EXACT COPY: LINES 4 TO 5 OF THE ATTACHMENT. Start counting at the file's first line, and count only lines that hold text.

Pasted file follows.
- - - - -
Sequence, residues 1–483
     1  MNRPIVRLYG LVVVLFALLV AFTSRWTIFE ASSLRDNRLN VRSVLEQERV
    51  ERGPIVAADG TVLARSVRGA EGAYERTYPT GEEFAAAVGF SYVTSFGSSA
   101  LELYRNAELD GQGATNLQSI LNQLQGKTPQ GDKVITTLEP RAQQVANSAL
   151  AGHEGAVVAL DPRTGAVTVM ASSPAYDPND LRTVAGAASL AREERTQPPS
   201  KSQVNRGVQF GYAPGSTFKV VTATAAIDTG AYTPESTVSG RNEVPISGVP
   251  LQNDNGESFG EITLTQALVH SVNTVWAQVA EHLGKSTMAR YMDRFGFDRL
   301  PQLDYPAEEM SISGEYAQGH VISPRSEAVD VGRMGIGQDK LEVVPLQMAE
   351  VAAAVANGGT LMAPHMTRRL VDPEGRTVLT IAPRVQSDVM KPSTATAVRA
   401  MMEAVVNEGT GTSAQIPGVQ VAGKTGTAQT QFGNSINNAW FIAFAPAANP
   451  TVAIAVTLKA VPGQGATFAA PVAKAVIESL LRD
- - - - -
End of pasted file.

   101  LELYRNAELD GQGATNLQSI LNQLQGKTPQ GDKVITTLEP RAQQVANSAL
   151  AGHEGAVVAL DPRTGAVTVM ASSPAYDPND LRTVAGAASL AREERTQPPS